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Prairie Schooner History
Prairie Schooner is an international literary quarterly published with the support of the English Department at the University of Nebraska-Lincoln and the University of Nebraska Press. The magazine's reputation for publishing excellent contemporary fiction, poetry, essays, and translations by Pulitzer Prize winners, Nobel laureates, and National Endowment for the Arts recipients is summed up by Literary Magazine Review: "Prairie Schooner rolls along, avoiding the quagmires of fads and schisms, steadfastly defining the American idiom."
Founded at the University of Nebraska in 1926 by Lowry C. Wimberly, Prairie Schooner has had five editors, each of distinction, over a seventy year history: Lowry C. Wimberly, 1927-1956; Karl Shapiro, 1956-1963; Bernice Slote, 1963-1980; Hugh Luke, 1980-1987; and Hilda Raz, 1987 to date.
Short stories and essays from Prairie Schooner are consistently republished in Best American Short Stories, Best American Essays, and Pushcart Prize anthologies and the magazine is listed by the Washington Post as one of the best magazines for "fabulous fiction," and by the Dictionary of Literary Biography and Writer's Digest as one of the top ten magazines for poetry.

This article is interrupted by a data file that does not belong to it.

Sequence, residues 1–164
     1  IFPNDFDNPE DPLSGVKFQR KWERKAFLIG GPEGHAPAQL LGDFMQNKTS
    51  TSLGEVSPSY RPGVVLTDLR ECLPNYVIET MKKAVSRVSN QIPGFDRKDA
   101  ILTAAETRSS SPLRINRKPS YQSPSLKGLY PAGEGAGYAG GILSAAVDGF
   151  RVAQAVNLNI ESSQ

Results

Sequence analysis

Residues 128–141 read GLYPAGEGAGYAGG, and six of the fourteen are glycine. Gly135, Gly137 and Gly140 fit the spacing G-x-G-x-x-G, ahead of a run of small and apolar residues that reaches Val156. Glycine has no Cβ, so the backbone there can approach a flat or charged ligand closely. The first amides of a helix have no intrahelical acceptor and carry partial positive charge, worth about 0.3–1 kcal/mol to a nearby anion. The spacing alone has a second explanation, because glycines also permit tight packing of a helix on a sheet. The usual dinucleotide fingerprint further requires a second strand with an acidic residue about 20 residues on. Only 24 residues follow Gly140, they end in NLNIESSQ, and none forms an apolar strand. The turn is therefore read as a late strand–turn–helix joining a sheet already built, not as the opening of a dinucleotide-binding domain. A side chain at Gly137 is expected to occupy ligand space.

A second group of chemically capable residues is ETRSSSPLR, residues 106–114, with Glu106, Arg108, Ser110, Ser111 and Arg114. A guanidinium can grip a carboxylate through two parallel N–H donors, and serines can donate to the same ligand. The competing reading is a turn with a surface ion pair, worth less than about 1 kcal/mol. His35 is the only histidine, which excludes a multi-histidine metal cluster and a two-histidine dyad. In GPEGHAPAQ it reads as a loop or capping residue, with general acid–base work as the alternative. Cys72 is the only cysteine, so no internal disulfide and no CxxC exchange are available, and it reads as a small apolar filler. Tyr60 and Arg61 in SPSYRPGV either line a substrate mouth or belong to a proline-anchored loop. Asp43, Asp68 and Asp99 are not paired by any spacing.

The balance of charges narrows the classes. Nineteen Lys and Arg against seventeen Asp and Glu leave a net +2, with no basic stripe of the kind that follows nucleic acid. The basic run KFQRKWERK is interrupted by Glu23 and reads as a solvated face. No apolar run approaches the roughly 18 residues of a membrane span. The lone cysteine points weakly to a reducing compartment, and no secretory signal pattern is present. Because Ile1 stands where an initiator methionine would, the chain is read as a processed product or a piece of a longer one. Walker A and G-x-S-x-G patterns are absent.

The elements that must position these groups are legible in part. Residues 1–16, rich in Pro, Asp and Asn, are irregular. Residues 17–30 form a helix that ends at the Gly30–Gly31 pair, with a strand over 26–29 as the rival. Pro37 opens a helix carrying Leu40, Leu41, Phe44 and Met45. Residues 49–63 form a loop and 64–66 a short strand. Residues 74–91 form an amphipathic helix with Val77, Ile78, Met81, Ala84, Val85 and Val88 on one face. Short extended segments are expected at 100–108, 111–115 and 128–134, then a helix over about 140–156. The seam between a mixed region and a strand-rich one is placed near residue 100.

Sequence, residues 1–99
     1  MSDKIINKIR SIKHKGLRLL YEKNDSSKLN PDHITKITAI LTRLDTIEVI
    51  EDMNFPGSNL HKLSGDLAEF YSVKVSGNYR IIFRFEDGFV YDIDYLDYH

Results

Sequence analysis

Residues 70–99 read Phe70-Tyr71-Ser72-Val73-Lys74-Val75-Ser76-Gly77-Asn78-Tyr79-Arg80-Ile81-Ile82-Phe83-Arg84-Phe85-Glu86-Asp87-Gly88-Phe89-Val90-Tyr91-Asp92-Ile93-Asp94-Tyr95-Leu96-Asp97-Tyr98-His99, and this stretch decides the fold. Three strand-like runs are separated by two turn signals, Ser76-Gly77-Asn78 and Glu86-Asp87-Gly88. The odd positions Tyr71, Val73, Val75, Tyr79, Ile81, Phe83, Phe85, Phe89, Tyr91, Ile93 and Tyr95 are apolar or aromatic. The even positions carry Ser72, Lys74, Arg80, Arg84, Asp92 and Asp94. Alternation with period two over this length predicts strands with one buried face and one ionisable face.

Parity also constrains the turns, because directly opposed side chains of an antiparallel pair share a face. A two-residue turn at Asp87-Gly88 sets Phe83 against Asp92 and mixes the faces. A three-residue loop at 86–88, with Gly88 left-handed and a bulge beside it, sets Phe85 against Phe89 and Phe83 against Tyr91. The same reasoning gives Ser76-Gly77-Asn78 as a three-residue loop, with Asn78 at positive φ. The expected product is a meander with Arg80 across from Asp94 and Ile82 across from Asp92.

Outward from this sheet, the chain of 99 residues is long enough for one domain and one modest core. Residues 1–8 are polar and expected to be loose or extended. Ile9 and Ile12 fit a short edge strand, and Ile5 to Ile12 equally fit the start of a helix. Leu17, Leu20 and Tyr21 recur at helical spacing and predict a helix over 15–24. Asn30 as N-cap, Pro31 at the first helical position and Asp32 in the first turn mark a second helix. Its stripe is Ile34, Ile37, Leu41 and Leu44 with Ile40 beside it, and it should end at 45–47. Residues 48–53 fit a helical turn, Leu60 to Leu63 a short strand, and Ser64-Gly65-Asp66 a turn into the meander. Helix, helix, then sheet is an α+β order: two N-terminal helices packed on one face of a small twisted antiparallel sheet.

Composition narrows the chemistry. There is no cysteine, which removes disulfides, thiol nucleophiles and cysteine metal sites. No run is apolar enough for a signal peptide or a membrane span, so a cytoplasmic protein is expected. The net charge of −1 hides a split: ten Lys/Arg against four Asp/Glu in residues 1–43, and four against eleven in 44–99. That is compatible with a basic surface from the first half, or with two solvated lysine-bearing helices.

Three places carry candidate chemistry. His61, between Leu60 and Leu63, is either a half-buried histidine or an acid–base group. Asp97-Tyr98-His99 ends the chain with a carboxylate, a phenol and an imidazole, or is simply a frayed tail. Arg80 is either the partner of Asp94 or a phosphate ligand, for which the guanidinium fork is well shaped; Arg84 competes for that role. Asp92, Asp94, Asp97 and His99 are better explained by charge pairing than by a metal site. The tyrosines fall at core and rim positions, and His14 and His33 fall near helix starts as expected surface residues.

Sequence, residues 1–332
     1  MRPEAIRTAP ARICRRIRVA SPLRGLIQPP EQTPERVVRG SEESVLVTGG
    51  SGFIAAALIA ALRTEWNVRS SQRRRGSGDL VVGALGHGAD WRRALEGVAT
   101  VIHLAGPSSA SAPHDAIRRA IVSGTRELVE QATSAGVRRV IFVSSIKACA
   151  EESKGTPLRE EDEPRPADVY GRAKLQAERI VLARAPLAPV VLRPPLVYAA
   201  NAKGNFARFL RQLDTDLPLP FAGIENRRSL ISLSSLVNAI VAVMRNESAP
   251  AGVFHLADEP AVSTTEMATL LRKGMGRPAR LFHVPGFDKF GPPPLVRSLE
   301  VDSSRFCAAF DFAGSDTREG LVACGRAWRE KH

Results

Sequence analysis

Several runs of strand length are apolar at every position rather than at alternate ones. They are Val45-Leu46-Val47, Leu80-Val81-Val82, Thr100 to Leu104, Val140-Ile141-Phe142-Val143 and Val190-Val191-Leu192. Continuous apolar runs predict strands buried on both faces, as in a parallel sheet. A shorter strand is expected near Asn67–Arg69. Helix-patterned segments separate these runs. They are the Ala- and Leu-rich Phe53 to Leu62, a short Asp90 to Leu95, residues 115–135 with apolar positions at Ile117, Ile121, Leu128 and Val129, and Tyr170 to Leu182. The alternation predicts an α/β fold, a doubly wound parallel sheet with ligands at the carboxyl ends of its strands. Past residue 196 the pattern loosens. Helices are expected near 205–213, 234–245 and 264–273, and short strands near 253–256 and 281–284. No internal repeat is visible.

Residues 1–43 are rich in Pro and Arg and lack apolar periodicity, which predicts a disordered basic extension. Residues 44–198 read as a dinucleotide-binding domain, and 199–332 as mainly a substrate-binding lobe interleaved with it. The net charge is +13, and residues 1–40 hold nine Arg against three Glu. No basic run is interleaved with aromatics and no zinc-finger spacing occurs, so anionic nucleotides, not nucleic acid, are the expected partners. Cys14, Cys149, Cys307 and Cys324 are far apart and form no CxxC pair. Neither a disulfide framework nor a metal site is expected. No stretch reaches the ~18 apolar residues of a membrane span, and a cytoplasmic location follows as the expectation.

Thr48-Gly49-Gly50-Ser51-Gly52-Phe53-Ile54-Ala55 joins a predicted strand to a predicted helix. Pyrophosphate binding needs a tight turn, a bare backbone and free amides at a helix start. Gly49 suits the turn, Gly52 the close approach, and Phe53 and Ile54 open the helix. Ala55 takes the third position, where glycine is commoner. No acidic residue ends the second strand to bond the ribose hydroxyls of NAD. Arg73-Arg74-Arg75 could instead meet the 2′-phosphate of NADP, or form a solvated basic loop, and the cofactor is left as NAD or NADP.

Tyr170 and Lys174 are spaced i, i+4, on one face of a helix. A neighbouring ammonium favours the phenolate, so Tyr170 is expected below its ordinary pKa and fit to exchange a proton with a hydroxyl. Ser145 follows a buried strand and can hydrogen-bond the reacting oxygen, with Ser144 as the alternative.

Previous contributors include: Joyce Carol Oates, Tennessee Williams, Raymond Carver, Reynolds Price, Rita Dove, and Richard Russo.
Distinguished Nebraska contributors include Willa Cather, Mari Sandoz, Weldon Kees, Loren Eiseley, Wright Morris, Ron Hansen, Ted Kooser, Kathleene West, Greg Kuzma, and Nebraska's Poet Laureate, William Kloefkorn.
Currently in its seventy-sixth year of continuous publication in 2002, Prairie Schooner is one of the most celebrated literary magazines in the nation.